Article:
Executing this malware in a sandbox environment, monitored by the SenseOn agent, several malicious actions can be observed both from analysis of raw ingested telemetry and looking at the relevant security observations generated by SenseOn.
The malicious VB script, can be seen retrieving the malicious payload over HTTP from the first of the malicious URLs referenced in the first de-obfuscated script.
The malware then abused the native ‘regsvr32.exe’ process to run a series of malicious binaries with seemingly randomly generated names, some of which were executed with the ‘/scomma’ argument, all run from the \AppData\Local\Temp directory.
Regsvr32 was also abused to establish Command and Control (C2) using connections to nodes in the Tor network.
Tor is likely used in this case to provide the author with an additional layer of anonymity and increase the difficulty of detection and remediation using traditional toolsets.
Regsvr32 was additionally leveraged to run a malicious “I7BUGMOAp1mnW79z5M0bLi0WI5oFMy2wIqc.dll” DLL file. This dll executed a series of information gathering commands such as ‘systeminfo’ and ‘ipconfig /all’. These are often used as enumeration techniques to determine device vulnerabilities and locations of interest, to begin the process of propagation.
To maintain persistence on the infected machine, the malware configures the malicious DLL file to be automatically run by Regsvr32 upon device startup, adding itself to the HKEY_USERS\<SID>\SOFTWARE\Microsoft\Windows\CurrentVersion\Run registry location
sachininternational.com[.]tr erkaradyator.com[.]tr esentai-gourmet[.]kz ardena[.]pro panel.chatzy[.]in toiaagrosciences1.hospedagemdesites[.]ws suppliercity.com[.]mx
159[.]65[.]88[.]10 167[.]172[.]253[.]162 95[.]217[.]221[.]146 82[.]223[.]21[.]224 147[.]139[.]166[.]154 183[.]111[.]227[.]137 201[.]94[.]166[.]162 186[.]194[.]240[.]217 206[.]189[.]28[.]199 1[.]234[.]2[.]232 188[.]44[.]20[.]25 159[.]89[.]202[.]34 149[.]56[.]131[.]28 45[.]176[.]232[.]124 153[.]92[.]5[.]27 45[.]235[.]8[.]30 129[.]232[.]188[.]93 79[.]137[.]35[.]198 119[.]59[.]103[.]152 103[.]75[.]201[.]2 173[.]212[.]193[.]249 139[.]59[.]126[.]41 185[.]4[.]135[.]165 197[.]242[.]150[.]244 94[.]23[.]45[.]86 115[.]68[.]227[.]76 202[.]129[.]205[.]3 107[.]170[.]39[.]149 5[.]135[.]159[.]50 172[.]105[.]226[.]75 213[.]239[.]212[.]5 167[.]172[.]199[.]165 209[.]126[.]85[.]32 198[.]199[.]65[.]189 187[.]63[.]160[.]88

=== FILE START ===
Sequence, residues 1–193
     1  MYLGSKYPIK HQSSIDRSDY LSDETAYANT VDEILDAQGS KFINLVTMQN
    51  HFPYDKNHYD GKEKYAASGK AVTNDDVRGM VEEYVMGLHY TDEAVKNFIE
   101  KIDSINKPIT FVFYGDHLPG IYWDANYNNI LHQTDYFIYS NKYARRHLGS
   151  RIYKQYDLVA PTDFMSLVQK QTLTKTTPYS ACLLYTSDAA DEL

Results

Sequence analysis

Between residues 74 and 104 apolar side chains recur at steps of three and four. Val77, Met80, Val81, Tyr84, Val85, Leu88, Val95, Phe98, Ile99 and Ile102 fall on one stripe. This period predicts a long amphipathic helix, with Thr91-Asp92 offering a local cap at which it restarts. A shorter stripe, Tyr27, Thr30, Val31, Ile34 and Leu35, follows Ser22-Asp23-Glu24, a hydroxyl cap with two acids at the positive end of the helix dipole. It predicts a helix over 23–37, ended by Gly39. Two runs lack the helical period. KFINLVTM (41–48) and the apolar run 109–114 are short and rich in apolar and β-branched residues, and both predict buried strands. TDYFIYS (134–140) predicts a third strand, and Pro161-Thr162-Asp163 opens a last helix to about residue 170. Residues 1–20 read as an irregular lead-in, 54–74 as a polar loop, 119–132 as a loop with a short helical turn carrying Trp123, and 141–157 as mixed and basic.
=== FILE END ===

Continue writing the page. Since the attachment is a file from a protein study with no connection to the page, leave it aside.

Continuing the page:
MD5 Hash IOCs
cde1a4983674221e32035465ff72c577 9eae6f49a02d6eb9f75af7bbf4349808 c862aed0ddd602cafc5bfdf212e0bd4d
title: Detect Regsvr32 Binary execution description: Detects when regsvr32 executes an exe file other than an instance of itself status: experimental author: Lachlan Godding logsource: product: windows category: process_creation detection: selection: ParentImage|endswith: '\regsvr32.exe' Image|endswith: '\.exe' filter: Image|endswith: '\regsvr32.exe' condition: selection and not filter level: high
title: Detect Regsvr32 enumeration command description: Detects when regsvr32 runs commands commonly used for enumeration status: experimental author: Lachlan Godding logsource: product: windows category: process_creation detection: selection: ParentImage|endswith: '\regsvr32.exe' Image|endswith: - '\systeminfo.exe' - '\ipconfig.exe' condition: selection level: high
title: Powershell downloading unusual file types description: Detects PowerShell makes a web request to download suspicious file types status: experimental author: Lachlan Godding logsource: product: windows category: process_creation detection: selection: ParentImage|endswith: '\cmd.exe' Image|endswith: '\powershell.exe' CommandLine|contains: - 'invoke-webrequest' - 'SW52b2tlLVdlYlJlcXVlc3Q=' #base64 version filter: CommandLine|regex: - '-uri.*\.txt' - '-uri.*\.msi' - '-uri.*\.json' - '-uri.*\.csv' - '-uri.*\.pdf' #optionally adjust these to represent normal filetypes for the environment condition: selection and not filter level: high
title: OneNote spawning unusual child process description: Detects OneNote spawning suspicious child processes (not browser or office) status: experimental author: Lachlan Godding logsource: product: windows category: process_creation detection: selection: ParentImage|endswith: '\onenote.exe' filter: Image|endswith: - '\msedge.exe' - '\msedgewebview2.exe' - '\chrome.exe' - '\firefox.exe' - '\opera.exe' - '\brave.exe' - '\iexplore.exe' - '\winword.exe' - '\excel.exe' - '\powerpnt.exe' - '\acrord32.exe' - '\acrobat.exe' - '\onenotem.exe' - '\outlook.exe' - '\teams.exe' - '\notepad.exe' - '\protocolhandler.exe' - '\onenote.exe' - '\ai.exe' - '\splwow64.exe' condition: selection and not filter level: high
alert tcp any any -> any any (msg:”Potential Emotet User Agent Detected”; flow:to_server,established; content:”User-Agent|3a| Mozilla/5.0 (Windows NT 6.1; WOW64; rv:58.0) Gecko/20100101 Firefox/58.0|0d 0a|”; nocase; sid:1000001; rev:1;)